Dream Wife’s debut album is a perfectly executed meditation on what it means to be a woman in a modern age and an exploration of the complexity of that. The London based trio are favourites at Girls Against for a reason and their long awaited first album proves precisely why- at its heart it is a phenomenal love-letter to powerful, strong women and a direct challenge to patriarchal restrictions, and proves that, as they express on ‘F.U.U’, Dream Wife are indeed for life.
‘Dream Wife’ as an album is difficult to define- it transcends genre boundaries in its seamless combination of the best parts of pop with unapologetic punk attitudes. Citing influences as disparate as The Cribs and The Spice Girls, it’s clear to see how they’ve crafted their eclecticism. The band have commented on how in making the album, they attempted to ‘capture what we do onstage’, and this shines through each of the 11 tracks; they put on a spectacularly engaging live performance, and it is definitely reflected in their recorded tracks, which possess a lot of obvious pent-up emotion which encompasses the album entirely.
Though there’s a distinct Dream Wife feel to the album as a whole, it definitely develops down different avenues and many of the songs are sonically worlds apart, whilst still capturing that effortless cool vibe and the self-exploration which is quintessentially Dream Wife. Some standout tracks include my personal favourite, ‘Love Without Reason’, which is a dreamlike ode to falling head over heels with someone. The song encapsulates a yearning for innocence, particularly in the line ‘let’s be kids and fall in love’, and unearths a softer side to the band.
The opening song of the album, ‘Let’s Make Out’, epitomises Dream Wife: setting frontwoman Rakel Mjöll’s distinguishing vocals against a backdrop of some incredible thrashing guitar riffs from the dream team that is Alice Go on guitar and Bella Podpadec on bass, turning the song into a perfect representation of both their sound and ethos. Perhaps the most important song on their album, ‘Somebody’ presents a really powerful message in its repetition of ‘I am not my body, I am somebody’. Taking a furious stance against victim blaming and rape culture, Dream Wife provide an ultra-empowering theme that carries on throughout. It’s fiery and old school, and the kind of music that is essential right now.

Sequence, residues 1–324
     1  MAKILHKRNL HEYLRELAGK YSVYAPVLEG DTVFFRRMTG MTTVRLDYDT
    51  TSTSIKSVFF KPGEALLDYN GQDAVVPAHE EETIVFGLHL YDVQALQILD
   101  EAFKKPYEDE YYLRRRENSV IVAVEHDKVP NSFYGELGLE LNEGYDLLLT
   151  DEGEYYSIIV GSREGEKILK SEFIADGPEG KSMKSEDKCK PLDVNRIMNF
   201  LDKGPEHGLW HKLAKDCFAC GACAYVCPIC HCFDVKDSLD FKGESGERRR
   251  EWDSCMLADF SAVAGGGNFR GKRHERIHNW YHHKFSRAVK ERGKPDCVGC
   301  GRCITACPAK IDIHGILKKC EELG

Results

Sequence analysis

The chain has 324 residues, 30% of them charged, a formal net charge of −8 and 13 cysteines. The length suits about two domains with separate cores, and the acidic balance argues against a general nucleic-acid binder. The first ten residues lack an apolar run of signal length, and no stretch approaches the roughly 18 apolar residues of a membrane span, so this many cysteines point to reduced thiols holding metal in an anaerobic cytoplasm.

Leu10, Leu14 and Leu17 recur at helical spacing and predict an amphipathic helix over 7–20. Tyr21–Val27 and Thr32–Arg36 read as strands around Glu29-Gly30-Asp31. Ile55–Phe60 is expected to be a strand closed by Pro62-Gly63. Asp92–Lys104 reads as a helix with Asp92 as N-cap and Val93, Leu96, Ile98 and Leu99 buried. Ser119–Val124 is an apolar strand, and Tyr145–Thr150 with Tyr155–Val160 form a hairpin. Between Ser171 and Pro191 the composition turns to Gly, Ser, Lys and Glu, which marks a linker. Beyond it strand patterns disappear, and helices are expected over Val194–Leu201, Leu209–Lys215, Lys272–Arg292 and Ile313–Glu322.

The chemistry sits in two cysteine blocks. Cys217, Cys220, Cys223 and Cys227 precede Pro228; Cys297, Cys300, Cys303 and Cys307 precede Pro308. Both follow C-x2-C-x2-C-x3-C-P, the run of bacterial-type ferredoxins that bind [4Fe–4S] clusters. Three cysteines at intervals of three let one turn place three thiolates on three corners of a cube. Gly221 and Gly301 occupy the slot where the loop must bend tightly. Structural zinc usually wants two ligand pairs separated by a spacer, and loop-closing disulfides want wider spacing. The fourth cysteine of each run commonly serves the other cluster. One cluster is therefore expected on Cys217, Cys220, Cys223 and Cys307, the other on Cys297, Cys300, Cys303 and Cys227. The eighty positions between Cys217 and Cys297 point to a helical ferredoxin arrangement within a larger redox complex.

Dream Wife have proven in their debut album that they are undoubtedly a really important band- their music evokes a sense of sisterly solidarity that is nothing less than vital given the current political climate, and their unashamed embrace of femininity and womanhood is really refreshing and powerful. There’s a lot of pressure around perfecting a debut album, and it is inarguable that Dream Wife have done just that, combining all the far-flung influences possible to create an album that delves into so many different genres and emotions. There’s the infectious glee that ‘Fire’ evokes, and the angsty intensity of ‘Act My Age’- such musical diversity is a feat few bands could successfully pull off, but ‘Dream Wife’ definitely does. Ambitious, it definitely is, but rightfully so. It’s evidence that they have the strength and chemistry to achieve big things.
On a whole, ‘Dream Wife’ is a heart on your sleeve collection of songs with a raging undercurrent that sets the band in a perfect position to start sprinkling their magic everywhere. The phrase ’empowered women empower women’ is more than applicable to Dream Wife- through all the uplifting moments and the most fury-ridden ones, the main thing that the album remains is relentlessly empowering. This empowerment is evident through the band’s encouragement of women in rock and punk rock- their fervent use of the idea of ‘bad bitches’ and the way in which they urge them to come dance around at the front at their gigs shows in their music and it’s invigorating.
I also love that the album is one for many occasions because of its diversity- it’s an album to dance to, laugh to, get emotional to, and it is a complete celebration of what it means to be a girl which is really special. It’s the perfect album to listen to and get you feeling all exhilarated and giddy or alternately quite introspective, and the amalgamation of emotions it presents makes it a versatile and intriguing offering. Despite the band initially forming as a bit of a joke at art university, their debut album irrevocably shows that Dream Wife are a band that deserve to be taken seriously, and will continue making a storm on the music scene for a lot longer yet. It is definitely one to be added to every ‘girl power’ playlist you can, so I would highly recommend giving it a listen and letting yourself feel like the ‘bad bitch’ Dream Wife want you to.
Written by Neive McCarthy (@neiveeee on Twitter.)